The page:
amethasone) would affect the yield and
composition of the milk of dairy cows. This
information may contribute to better insight
into the physiological basis for the decrease
in milk secretion under stress and disease
states.
2. MATERIALS AND METHODS
Four non-pregnant cows were located in
the experimental herd of the ARO and were
used as the experimental group. The cows
were multiparous and at mid or late lacta-
tion. Four control cows were selected to
match the experimental cows in respect to
milk yield, parity and stage in lactation. The
cows were fed a typical Israeli total mixed
ration that was composed of 65% concen-
trates and 35% forage and contained 17%
protein throughout the trial. The cows were
milked three times daily at 05.00, 13.00,
and 20.00 h. Basal milk yield and composi-
tion were recorded for 3 d before the treat-
ment. The experimental cows were injected
once intramuscularly into the neck with
40 mg dexamethasone (dexamethsone-HCl,
Vitamed, Haifa, Israel) dissolved in 40 ml of
saline between 13.00 and 13.30 h after the
noon milking. The control cows were
injected at the same time with 40 ml of
saline.
Electronic milk meters (S.A.E AFIKIM,
Kibbutz Afikim, Israel) automatically
recorded the milk yield at each milking.
Milk composition was monitored for an
additional 4 d. Approximately 200 ml of
milk was sampled from each cow during
the noon milking. Part of each of the milk
samples were analysed within 24 to 48 h for
protein, fat and lactose contents, and somatic
cell count in the Central Laboratory of the
Israeli Dairy Breeders Association. The rest
of the milk samples were defatted by cen-
trifugation at 6000 g for 10 min at room
temperature. Protein concentration in milk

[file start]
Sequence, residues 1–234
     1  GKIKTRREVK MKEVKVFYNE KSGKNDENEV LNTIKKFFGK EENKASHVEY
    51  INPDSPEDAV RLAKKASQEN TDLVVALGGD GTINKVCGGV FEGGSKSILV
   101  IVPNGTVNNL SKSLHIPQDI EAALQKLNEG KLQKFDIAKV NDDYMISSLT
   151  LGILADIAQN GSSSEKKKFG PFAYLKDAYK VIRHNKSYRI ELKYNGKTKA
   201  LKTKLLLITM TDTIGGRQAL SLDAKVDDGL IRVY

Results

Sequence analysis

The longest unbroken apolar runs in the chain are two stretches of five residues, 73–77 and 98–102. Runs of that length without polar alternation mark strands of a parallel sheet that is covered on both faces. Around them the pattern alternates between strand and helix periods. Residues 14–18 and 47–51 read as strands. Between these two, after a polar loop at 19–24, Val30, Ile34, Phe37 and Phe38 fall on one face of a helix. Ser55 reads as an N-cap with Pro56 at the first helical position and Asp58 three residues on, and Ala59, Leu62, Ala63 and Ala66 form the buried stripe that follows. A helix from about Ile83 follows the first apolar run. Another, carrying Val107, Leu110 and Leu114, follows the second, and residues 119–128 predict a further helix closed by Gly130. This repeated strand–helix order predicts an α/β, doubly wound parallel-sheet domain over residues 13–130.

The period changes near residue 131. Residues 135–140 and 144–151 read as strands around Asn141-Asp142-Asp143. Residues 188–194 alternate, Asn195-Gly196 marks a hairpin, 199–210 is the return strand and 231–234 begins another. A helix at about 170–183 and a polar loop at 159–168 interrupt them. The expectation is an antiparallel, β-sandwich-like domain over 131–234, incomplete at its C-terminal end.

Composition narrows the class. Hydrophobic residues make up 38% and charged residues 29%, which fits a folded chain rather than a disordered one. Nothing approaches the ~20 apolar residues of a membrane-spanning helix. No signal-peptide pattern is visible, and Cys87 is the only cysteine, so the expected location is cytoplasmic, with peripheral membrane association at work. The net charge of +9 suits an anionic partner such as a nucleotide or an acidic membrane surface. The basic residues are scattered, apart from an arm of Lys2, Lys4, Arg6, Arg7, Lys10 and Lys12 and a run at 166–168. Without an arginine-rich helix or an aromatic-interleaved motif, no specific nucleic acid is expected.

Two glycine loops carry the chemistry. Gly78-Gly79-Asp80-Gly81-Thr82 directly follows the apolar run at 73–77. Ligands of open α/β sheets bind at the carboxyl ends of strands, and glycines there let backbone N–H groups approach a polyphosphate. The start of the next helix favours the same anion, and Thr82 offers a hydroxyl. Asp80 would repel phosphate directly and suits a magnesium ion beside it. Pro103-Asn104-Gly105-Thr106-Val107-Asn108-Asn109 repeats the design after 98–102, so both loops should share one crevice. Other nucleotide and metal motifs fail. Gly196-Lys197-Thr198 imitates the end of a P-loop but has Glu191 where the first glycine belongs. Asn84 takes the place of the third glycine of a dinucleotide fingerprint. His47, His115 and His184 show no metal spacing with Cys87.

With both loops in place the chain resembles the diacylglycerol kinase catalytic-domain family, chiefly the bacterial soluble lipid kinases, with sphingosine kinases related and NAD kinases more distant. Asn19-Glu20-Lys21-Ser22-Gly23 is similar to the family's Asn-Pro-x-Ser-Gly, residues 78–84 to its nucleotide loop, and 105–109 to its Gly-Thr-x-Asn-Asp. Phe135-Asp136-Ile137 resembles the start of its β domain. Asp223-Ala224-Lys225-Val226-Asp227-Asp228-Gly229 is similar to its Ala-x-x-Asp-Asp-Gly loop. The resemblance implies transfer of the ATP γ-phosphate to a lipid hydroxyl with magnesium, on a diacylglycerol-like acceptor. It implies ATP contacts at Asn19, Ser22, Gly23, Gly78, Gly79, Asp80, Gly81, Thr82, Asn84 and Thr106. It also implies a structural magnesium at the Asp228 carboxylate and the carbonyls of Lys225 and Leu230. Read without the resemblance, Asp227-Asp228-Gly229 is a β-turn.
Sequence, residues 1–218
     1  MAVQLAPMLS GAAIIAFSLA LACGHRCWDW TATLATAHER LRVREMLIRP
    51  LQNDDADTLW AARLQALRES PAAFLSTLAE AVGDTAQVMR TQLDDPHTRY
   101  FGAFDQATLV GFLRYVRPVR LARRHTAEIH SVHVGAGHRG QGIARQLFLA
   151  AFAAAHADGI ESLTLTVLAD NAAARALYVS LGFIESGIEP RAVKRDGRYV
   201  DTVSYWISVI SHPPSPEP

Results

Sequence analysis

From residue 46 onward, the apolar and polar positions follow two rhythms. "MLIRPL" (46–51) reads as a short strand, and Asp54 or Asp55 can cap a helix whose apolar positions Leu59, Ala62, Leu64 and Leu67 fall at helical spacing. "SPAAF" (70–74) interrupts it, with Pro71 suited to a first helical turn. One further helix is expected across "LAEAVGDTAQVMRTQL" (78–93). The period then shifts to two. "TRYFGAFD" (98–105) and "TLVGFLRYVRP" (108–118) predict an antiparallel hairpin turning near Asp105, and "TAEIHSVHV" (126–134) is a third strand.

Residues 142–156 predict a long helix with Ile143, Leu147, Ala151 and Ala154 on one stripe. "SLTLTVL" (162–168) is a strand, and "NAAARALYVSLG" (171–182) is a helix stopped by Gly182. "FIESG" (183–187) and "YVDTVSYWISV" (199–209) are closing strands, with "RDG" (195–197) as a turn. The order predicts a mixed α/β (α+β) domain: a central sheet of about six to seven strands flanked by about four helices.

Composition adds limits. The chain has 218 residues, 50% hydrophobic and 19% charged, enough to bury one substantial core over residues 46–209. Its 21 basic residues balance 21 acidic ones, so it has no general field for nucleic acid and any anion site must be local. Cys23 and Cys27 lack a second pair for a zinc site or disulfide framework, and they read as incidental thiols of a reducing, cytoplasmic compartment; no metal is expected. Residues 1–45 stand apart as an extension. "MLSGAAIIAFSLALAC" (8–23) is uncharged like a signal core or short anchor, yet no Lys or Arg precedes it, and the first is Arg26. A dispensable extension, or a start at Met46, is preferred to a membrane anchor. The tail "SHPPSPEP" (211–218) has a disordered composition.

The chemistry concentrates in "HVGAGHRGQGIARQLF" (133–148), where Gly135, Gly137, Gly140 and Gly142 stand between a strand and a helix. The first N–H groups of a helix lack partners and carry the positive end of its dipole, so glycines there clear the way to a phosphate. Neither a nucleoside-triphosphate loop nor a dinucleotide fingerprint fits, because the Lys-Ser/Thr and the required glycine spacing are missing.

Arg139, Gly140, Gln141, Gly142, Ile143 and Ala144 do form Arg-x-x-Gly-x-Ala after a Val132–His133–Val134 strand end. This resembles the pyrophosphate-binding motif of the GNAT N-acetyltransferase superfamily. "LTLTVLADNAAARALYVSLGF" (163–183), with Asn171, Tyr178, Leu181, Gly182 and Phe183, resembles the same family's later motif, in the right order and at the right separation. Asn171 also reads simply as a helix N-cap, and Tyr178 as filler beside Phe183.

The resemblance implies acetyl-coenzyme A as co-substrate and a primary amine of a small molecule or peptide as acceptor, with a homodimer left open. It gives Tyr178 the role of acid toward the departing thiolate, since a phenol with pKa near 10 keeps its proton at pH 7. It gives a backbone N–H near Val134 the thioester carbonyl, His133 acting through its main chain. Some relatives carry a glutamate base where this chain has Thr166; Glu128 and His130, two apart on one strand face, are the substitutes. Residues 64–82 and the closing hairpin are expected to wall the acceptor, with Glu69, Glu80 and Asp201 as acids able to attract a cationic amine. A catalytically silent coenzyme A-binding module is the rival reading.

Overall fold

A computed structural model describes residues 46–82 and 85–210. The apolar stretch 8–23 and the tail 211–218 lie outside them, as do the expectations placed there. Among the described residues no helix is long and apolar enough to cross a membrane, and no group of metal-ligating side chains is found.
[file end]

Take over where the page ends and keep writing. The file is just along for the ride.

fraction was determined colorimetrically by
the Bradford method with a commercial
(Sigma) reagent. Part of the milk samples
were acidified with HCl to pH 4.6, and then
centrifuged at 22000 g for 3.5 min at room
temperature. Protein concentration in the
supernatant was defined as whey protein.
The difference between the protein content
pendant 4 h. Leffet le plus important de la dexamthasone est la rduction de la scrtion des com-
poss pouvoir osmotique.
production de lait / vaches laitires / stress / corticostrodes
Dexamethasone and milk secretion in dairy cows
values) after three milking (24 h) (Fig. 1).
Milk yield then started to rise, but it took
an additional 5 d to return to the initial level.
In the control group no reduction in milk
yield was observed.
The concentrations of fat increased by
45%, of total protein by 45%, of casein by
50%, of whey protein by 9%, of magnesium
by 50% and of phosphorus by 21% in the
dexamethasone-treated cows, reaching a
peak after 24 h (Figs. 2, 3, 4). The concen-
tration of these metabolites remained
unchanged in the control group. In both
groups, calcium concentration did not differ
between the post-treatment and pre-treat-
ment samplings, although it tended (P < 0.1)
to be higher during the first post-treatment
sampling in the experimental group
(Fig. 4). The concentrations of fat, total pro-
tein and casein then started to decrease
toward the pre-treatment level, so they
remained higher than in the control, or pre-
treatment values for an additional 3 days.
The concentrations of whey protein (Fig. 2)
and phosphorus (Fig. 4) were higher than
in the control, or the pre-treatment values,
after 24 h, and the concentration of magne-
sium (Fig. 4) was elevated for 2 d after the
dexamethasone treatment.
The secretion of fat (Fig. 3), casein
(Fig. 2), and magnesium (Fig. 4) was not
significantly affected by the dexamethasone
treatments. After 24 h following the treat-
ments, the secretion of total protein and
whey protein was reduced by 35% in the
dexamethasone group, while remaining
unchanged in the control group (Fig. 2).
Total protein secretion recovered within the
next day, while whey protein secretion
remained depressed for an additional 24 h in
the dexamethasone treated cows (Fig. 2).
The concentrations of the monovalent
ions (sodium, potassium, and chlorine), lac-